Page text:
There were several limitations in our study. The trial was single-masked (participants and examiners were masked while the surgeon was not), which could not completely avoid the subjective bias from the researchers. Besides, the anterior chamber inflammation was measured using the SUN Grading System, which might increase the bias of subjective interpretation. Laser flare and cell meter would be more objective and will be conducted in the next step. In this study, the clinical parameters have been observed in the early postoperative stage. The follow-up period should be extended to observe long term postoperative reactions including macular changes in future studies. Further study with accurate record of perfusion amount and its effect on endothelial cell loss would be conducted. And further multi-center large sample study by different tertiary centers would be necessary to analyze the beneficial effects of intraoperative hypothermic perfusion on different subtypes of uveitis.

Conclusions

In conclusion, hypothermic intraocular perfusion during the phacoemulsification is safe, and it can effectively inhibit the anterior chamber inflammation and reduce corneal edema at the incision at the early postoperative stage in cataract patients with uveitis, which could be recommended in the uveitic cataract surgeries.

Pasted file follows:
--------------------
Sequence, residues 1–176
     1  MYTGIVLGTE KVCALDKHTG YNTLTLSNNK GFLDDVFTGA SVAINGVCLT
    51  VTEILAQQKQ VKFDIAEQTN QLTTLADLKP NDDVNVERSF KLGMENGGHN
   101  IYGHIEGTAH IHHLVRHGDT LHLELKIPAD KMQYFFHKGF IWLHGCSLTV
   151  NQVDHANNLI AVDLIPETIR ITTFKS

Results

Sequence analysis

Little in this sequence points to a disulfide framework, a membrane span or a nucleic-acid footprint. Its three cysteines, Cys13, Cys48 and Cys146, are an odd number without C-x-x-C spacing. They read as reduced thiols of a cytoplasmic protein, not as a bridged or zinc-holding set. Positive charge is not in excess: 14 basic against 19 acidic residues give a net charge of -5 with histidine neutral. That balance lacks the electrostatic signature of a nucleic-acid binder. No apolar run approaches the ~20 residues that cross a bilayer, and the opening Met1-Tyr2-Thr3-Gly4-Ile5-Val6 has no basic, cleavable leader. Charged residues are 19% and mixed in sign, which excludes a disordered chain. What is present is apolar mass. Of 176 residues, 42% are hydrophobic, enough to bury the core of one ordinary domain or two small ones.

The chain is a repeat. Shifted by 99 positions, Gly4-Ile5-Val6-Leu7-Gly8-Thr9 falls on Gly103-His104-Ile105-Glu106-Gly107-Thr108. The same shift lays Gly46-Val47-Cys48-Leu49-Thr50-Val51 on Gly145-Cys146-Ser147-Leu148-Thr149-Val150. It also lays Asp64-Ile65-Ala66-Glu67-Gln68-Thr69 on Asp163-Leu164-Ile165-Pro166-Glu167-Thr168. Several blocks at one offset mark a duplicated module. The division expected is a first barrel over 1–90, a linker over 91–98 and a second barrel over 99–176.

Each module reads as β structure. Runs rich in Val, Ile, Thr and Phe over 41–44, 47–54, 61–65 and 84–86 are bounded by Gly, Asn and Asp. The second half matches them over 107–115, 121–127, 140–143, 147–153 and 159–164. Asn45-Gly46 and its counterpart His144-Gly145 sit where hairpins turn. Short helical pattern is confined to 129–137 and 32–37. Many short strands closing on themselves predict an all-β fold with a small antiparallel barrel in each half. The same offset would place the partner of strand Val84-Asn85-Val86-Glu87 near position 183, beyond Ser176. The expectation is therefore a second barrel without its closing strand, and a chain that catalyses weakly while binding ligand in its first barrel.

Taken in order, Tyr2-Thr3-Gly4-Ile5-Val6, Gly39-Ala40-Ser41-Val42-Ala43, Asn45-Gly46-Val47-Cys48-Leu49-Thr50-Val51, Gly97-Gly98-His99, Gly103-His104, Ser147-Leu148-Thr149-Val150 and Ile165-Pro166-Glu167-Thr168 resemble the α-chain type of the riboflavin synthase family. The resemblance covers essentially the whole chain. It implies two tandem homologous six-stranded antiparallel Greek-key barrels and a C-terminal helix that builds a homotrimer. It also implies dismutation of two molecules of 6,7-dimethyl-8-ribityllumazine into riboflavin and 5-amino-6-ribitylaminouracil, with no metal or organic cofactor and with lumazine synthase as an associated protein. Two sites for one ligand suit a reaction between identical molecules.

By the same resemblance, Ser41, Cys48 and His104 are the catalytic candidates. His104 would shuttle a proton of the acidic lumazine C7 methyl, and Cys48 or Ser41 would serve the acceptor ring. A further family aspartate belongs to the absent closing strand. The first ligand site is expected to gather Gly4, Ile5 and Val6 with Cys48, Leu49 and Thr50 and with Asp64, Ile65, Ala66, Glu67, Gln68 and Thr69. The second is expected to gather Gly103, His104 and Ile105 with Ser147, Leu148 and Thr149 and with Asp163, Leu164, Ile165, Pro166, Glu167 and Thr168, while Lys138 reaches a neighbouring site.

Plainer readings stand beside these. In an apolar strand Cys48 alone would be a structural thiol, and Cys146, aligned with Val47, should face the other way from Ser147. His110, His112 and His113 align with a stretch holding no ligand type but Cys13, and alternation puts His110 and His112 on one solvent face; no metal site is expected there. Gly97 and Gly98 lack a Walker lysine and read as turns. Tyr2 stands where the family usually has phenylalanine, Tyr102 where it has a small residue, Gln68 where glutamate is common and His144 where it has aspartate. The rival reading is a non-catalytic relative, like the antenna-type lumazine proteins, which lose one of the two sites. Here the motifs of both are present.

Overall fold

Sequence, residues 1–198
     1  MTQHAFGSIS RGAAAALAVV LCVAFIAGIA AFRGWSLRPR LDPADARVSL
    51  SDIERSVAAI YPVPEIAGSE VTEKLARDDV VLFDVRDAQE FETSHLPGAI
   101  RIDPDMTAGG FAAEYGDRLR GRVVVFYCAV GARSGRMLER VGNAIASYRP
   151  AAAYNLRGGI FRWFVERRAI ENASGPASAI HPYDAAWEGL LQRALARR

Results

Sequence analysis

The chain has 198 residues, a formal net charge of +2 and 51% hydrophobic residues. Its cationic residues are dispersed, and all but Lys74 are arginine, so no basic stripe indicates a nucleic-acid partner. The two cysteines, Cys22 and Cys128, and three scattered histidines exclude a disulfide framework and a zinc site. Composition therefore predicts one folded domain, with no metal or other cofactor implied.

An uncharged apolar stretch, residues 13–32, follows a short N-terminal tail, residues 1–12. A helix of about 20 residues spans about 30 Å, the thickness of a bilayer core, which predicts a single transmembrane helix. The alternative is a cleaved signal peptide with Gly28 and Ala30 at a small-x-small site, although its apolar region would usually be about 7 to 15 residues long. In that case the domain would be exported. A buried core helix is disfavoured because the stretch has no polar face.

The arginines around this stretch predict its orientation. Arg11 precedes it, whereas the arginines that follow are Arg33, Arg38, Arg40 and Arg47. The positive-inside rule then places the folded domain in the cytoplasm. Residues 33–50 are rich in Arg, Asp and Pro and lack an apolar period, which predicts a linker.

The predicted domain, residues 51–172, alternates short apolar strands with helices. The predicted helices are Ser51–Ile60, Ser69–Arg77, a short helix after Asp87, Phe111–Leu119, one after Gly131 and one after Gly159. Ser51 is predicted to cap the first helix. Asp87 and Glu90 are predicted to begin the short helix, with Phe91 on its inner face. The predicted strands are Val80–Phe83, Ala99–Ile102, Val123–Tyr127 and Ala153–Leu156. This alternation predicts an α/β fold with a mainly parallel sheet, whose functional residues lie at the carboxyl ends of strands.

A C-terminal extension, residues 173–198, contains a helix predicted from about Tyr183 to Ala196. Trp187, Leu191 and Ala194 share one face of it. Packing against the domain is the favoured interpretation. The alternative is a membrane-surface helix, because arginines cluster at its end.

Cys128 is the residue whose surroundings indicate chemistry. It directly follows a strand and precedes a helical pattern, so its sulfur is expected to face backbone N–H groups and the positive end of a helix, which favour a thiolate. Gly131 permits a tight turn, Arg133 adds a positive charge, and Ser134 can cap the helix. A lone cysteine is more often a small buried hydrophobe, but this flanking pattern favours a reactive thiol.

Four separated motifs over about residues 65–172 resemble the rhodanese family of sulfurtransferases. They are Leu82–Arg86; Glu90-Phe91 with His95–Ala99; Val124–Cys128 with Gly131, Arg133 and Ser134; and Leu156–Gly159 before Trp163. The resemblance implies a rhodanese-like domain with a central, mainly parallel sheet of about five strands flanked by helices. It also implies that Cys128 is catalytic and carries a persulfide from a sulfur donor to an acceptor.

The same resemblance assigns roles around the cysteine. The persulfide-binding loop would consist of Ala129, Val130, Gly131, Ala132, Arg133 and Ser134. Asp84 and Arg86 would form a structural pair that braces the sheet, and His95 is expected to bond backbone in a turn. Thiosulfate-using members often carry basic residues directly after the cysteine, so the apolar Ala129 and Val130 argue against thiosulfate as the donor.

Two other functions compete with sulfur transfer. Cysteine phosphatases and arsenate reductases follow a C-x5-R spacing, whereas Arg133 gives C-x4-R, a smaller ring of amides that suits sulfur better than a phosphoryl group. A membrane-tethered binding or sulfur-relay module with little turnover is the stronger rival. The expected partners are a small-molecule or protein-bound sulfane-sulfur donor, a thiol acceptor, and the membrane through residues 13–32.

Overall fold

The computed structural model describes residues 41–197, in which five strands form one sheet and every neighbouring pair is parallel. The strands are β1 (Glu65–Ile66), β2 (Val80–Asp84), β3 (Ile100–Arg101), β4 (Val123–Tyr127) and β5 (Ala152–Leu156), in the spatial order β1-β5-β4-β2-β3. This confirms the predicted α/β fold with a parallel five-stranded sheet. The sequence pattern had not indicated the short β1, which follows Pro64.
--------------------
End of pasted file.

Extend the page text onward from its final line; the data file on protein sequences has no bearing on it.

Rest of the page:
Availability of data and materials

The datasets analysed are available from the corresponding author on reasonable request.

Abbreviations

IOP:

Intraocular pressure

OCT:

Optical coherence tomography

BCVA:

Best corrected visual acuity

SUN:

Standardization of Uveitis Nomenclature

VKH syndrome:

Vogt-Koyanagi-Harada syndrome

VEGF-A:

Vascular endothelial growth factor-A

PEDF:

Pigment epithelium–derived factor

RPE:

Retinal pigment epithelium.

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Acknowledgements

The authors would like to thank Junyan Zhang from Bothwin Clinical Study Consultant, WA, USA for English editing and suggestions on this study.

Funding